FPG is a project-driven environment. My vision is to help the FPG Director's Office organize and grow our capacities at FPG to build and disseminate effective research to positively influence public policy. I also want our Institute to develop and grow our investigators' involvement in the policy space, and there are a couple ways of doing that. We recognize ways where this is already happening and we lift that up and highlight it. Another way is incentivizing the work, coming up with ways to academically and professionally match people's career interests with where they can become engaged in any part of the policy cycle, and get involved with it and mentor it. So, the work involves organizing current work, co-developing future work and investigations, and nurturing investigators' careers and competencies to do more in the policy space.

What are you excited about for the future of the Policy Division?

I'm excited that we'll be more organized and more effective in getting our work out. This can bring renewed recognition for what FPG has to offer around the policy work going on and what we can bring to various levels of public policymaking. I think the other thing that excites me with new folks like Denni Fishbein, Sherika Hill, and Iheoma Iruka, and our seasoned investigators, is that there is an intentional focus now on making the work matter in a very applied, value-added way. At FPG, there's basic and applied research, technical assistance, and implementation science, and now there's an awareness that our work at FPG has real translational value. I feel the same way about our race, equity, and inclusion conversations and how we're using our Equity, Diversity, and Inclusion Office to highlight where policy can make a difference for vulnerable populations and on the structural problems that people are finally talking about. That, more than anything, is a very exciting prospect. The last thing I"ll say about this is that we have investigators with intentional focus on research mechanisms, the explanatory ways that various conditions impact child development. And, by combining that newer, more intentional focus on mechanisms with an intent to translate that into policy, I think we're going to become more impactful in helping people understand the "whys" and "hows" of what happens with child and adolescent development and how that knowledge can really help create a better world for children and families.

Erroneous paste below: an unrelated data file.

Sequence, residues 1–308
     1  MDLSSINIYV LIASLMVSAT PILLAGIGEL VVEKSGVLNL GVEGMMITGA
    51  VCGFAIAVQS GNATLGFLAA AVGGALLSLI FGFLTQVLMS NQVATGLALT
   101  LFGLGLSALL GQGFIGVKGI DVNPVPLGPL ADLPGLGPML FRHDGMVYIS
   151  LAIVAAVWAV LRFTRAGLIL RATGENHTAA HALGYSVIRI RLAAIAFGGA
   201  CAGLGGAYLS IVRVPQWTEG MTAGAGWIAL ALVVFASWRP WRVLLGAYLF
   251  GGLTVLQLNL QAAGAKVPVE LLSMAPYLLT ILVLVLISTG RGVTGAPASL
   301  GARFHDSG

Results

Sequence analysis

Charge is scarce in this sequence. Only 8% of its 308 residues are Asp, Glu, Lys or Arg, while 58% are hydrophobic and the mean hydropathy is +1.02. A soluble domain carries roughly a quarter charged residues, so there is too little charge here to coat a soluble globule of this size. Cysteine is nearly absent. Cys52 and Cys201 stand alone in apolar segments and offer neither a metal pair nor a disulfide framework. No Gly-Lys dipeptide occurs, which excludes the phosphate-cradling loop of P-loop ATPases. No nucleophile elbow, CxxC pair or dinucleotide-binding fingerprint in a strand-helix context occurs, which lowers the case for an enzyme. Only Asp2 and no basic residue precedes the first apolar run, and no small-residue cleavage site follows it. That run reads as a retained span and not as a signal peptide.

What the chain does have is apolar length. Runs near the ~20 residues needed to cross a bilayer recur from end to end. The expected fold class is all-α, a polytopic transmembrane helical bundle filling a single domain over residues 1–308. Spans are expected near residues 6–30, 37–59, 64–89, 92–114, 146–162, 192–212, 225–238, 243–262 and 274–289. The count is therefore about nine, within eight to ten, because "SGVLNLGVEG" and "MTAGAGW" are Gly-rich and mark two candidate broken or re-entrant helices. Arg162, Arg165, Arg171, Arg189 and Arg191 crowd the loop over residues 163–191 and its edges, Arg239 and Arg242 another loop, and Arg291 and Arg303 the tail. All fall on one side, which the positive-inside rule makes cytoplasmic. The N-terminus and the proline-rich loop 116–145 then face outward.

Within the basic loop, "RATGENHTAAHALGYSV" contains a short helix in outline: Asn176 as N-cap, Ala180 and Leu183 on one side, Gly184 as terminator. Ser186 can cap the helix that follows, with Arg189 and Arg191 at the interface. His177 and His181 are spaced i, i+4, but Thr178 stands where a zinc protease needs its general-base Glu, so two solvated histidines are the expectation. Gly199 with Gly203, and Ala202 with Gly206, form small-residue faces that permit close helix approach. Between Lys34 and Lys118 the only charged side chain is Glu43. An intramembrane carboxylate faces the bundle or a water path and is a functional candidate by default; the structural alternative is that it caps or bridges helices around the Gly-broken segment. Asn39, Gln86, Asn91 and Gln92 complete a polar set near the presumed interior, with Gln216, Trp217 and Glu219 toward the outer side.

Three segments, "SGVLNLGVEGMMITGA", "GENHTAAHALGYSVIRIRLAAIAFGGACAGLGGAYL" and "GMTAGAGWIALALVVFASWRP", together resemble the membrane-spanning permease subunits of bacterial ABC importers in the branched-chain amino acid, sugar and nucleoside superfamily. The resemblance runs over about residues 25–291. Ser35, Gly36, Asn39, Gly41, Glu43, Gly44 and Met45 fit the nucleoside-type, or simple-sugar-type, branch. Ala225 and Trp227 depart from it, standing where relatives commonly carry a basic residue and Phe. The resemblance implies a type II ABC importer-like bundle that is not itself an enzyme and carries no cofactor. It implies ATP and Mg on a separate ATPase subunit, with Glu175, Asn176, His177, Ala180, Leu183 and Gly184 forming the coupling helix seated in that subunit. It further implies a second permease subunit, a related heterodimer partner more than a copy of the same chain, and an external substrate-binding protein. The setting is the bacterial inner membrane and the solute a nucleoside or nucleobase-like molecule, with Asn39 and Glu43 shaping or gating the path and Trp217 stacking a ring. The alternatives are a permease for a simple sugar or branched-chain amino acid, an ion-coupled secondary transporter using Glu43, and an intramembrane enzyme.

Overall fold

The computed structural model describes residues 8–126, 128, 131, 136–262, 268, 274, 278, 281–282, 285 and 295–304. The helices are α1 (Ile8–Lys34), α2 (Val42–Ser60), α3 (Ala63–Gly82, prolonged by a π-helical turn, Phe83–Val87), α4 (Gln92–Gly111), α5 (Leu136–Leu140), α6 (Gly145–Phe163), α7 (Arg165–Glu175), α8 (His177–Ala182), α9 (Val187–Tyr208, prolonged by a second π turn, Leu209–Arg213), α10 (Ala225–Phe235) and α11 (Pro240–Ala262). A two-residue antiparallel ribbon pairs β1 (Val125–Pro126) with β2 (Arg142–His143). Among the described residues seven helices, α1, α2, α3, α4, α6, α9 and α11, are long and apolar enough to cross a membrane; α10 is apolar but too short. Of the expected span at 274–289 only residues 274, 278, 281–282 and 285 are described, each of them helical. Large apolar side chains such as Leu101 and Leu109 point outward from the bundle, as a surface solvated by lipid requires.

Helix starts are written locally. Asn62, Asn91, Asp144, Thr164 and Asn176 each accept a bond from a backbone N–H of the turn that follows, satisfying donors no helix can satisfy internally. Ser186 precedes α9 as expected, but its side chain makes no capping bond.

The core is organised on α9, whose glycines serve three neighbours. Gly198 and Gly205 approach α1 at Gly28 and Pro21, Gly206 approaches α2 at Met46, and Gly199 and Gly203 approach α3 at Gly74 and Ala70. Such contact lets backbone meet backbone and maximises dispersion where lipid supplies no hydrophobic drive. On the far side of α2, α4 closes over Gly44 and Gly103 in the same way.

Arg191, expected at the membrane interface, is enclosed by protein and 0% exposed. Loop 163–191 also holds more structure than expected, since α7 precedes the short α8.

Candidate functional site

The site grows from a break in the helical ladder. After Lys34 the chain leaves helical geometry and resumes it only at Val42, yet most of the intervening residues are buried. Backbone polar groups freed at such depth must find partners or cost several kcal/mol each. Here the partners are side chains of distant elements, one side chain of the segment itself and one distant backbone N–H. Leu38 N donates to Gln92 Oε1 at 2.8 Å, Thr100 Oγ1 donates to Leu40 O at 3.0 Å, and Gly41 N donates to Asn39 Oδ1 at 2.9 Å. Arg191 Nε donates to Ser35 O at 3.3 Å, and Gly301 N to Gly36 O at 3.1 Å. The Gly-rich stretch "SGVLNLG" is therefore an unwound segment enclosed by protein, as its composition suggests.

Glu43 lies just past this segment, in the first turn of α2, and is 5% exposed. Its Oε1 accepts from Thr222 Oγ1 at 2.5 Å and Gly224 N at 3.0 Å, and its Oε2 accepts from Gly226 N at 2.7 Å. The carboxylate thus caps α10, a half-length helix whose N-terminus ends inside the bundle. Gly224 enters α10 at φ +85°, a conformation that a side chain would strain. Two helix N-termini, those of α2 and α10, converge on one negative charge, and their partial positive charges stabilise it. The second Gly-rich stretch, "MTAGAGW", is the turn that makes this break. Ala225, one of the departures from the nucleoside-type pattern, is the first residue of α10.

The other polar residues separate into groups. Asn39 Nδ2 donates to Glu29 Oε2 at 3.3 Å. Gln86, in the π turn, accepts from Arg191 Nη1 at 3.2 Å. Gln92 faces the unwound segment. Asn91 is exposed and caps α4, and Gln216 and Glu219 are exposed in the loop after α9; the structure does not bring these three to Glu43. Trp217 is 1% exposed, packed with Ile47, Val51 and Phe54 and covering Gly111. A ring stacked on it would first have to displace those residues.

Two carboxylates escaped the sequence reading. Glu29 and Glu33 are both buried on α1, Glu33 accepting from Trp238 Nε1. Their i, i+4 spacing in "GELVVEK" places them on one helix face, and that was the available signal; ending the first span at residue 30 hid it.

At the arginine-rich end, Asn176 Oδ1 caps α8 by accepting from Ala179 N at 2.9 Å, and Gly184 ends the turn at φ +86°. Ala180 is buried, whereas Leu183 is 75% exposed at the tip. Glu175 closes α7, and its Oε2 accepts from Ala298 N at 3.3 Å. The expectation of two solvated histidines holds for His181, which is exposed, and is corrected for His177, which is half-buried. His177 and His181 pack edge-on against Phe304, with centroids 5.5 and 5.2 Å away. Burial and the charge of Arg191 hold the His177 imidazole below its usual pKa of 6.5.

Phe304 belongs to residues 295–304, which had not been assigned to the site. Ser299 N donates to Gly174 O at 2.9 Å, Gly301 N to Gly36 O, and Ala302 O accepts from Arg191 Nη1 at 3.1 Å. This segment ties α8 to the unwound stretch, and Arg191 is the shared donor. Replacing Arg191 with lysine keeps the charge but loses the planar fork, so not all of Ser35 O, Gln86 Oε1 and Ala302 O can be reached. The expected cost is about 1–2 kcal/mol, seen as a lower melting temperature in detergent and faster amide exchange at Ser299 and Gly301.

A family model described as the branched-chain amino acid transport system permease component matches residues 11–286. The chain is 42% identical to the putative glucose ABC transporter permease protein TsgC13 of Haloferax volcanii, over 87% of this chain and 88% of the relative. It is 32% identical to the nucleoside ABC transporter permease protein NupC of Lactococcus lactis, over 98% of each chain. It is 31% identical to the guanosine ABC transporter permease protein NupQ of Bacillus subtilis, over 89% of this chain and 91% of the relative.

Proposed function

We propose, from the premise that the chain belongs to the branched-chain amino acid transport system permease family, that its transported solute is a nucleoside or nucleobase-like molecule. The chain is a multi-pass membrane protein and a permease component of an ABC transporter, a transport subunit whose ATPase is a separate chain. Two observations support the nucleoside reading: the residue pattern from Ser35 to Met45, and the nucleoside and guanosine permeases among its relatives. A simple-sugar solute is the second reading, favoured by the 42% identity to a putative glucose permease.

How has your work led you here to this moment?

Fate and luck led me to FPG in 2017. I have a long history in human services and my background is filled with public policy work as far back as the 1980s. It all started in the juvenile justice and child behavioral health worlds where I began to get involved in policy at the county and state levels. A little later, Governor Jim Hunt was in office and I became involved in our local Smart Start initiative. I subsequently started a nonprofit with a great team, that took me into state and federal policy work as an outgrowth of our services focus. I was appointed by Governor Beverly Perdue to be the Chief Deputy Secretary for the NC Office of Juvenile Justice and Delinquency Prevention, a state level policy job that I held for five years. In some of my federal activities, I led the National Coalition for Juvenile Justice for two-and-a-half years and was on the coalition's executive board for about 10 years. I was also appointed to the Federal Advisory Committee for Juvenile Justice as an alternate or primary member for close to 10 years. So, I've had policy experience at every level of the government for many years. And now, I'm a board member of the National Prevention Science Coalition to Improve Lives where part of our focus is to broaden prevention science's promise by helping policymakers learn about evidence-based and cost-beneficial approaches to preventing negative outcomes among various populations.

I just want to give credit to Ayse Belger and the Director's Office for seeing the impact policy could have in an organized way, and I want to thank her for the support she's given us. I also want to thank my FPG colleagues, because they've very unselfishly given their time to think about this and come to meetings and think about having a shared vision that can benefit North Carolina's children and families. When you have those kinds of people working next to you with that kind of passion, it's really fun work.